Suozzi is the right choice: Pilip keeps wavering on abortion
February 10, 2024
Publication: New York Daily News
By: New York Daily News Editorial Board
In her one and only debate with Democratic opponent Tom Suozzi this week, Mazi Pilip — the GOP candidate to replace disgraced former Con(gress)man George Santos — proved at least she didn’t have Santos’ easy capacity to lie by tripping all over herself in trying to address the simple question of whether she supports access to abortion.
The mother of seven, Pilip went into an indignant soliloquy over her own decision to have children and stated that “abortion is a personal decision” while also characterizing herself as “pro-life,” all before stumbling to the conclusion that she would not support a national abortion ban. Questioned later by a reporter, she asserted she was actually pro-choice.
Pro-life and pro-choice. All things to all people. Or a cipher. The Republican Party bosses backing her bid (she remains a registered Democrat) are pro-life; the majority of the people of the Nassau/Queens district are pro-choice.
It’s also not entirely clear how Pilip thinks an espoused belief in this personal decision squares with her stated view that the Supreme Court made the right decision in the Dobbs case. So, is it a personal decision, or can the government impose limitations that amount to or include outright bans? Because it can’t be both.
Anyone who’s spent any time tracking the relentless efforts to chip away and overturn a federal right to abortion over decades is also well aware that an absolute ban isn’t the only way to close off access. Even prior to the overturn of Roe v. Wade, hospital admitting requirements, mandatory mental health checks and waiting periods, parental consent laws, restrictions around clinic hallway widths and other infrastructure and other unnecessarily onerous regulations targeted abortion providers.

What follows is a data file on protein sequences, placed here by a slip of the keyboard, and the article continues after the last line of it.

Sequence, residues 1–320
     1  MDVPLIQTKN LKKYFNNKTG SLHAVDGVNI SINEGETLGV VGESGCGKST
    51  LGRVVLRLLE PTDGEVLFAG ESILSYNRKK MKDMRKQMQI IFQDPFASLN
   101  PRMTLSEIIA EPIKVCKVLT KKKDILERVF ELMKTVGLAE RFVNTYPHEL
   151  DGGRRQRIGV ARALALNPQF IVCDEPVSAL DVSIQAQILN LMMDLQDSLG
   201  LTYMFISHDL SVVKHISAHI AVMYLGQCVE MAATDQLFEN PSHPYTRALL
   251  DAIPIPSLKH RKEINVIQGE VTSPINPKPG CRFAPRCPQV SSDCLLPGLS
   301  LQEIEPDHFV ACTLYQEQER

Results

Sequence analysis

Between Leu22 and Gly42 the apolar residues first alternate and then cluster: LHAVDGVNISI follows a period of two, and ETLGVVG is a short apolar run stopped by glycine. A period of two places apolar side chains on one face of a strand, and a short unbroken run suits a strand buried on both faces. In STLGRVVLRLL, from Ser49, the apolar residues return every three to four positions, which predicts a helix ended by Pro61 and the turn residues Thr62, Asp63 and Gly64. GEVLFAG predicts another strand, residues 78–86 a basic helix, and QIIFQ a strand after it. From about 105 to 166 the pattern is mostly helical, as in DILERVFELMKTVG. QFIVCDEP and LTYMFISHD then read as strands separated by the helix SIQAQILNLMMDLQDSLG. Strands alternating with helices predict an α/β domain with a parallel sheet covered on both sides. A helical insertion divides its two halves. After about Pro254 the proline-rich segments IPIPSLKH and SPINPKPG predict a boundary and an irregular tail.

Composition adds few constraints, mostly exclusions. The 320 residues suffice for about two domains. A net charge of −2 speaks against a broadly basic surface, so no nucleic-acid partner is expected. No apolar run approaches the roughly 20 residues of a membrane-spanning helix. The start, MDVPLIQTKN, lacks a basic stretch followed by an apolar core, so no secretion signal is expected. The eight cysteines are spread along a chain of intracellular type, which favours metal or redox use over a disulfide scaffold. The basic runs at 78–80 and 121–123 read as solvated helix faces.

Plenty of states used these and other reams of restrictions to de facto ban abortion even before they could ban it de jure, leaving as little as a single overwhelmed and heavily-regulated clinic in an entire state. Even if Pilip is being truthful in saying she would not support a national abortion ban, she could vote for plenty of federal restrictions that could choke of access to such care right here in New York.
If Republicans in general seem cagey about their positions on abortion, it’s because, having succeeded in their unpopular long-term political project, they’re realizing that there are heavy electoral consequences to pay for it. If they’re now backing away from laying out their continued anti-abortion aspirations, it’s not because they have abandoned these long-held objectives, but because they understand that political survival depends in part on being quieter about it.
You shouldn’t buy it any more than anyone should have bought that repeated Supreme Court nominees’ talk of respecting the Roe precedent was genuine and controlling. Once she’s actually in Congress and her caucus starts whipping votes for some harebrained national scheme to talk away Americans’ access to abortion care, which of Pilip’s priorities will win out?
Her campaign pledge not to support a federal ban — and surely, no one’s ever broken a campaign promise before — or her personal, deeply held pro-life views? Do you really want to find out? The only way to be sure is to avoid this conundrum altogether. Fortunately, you can do that simply by voting for Suozzi instead.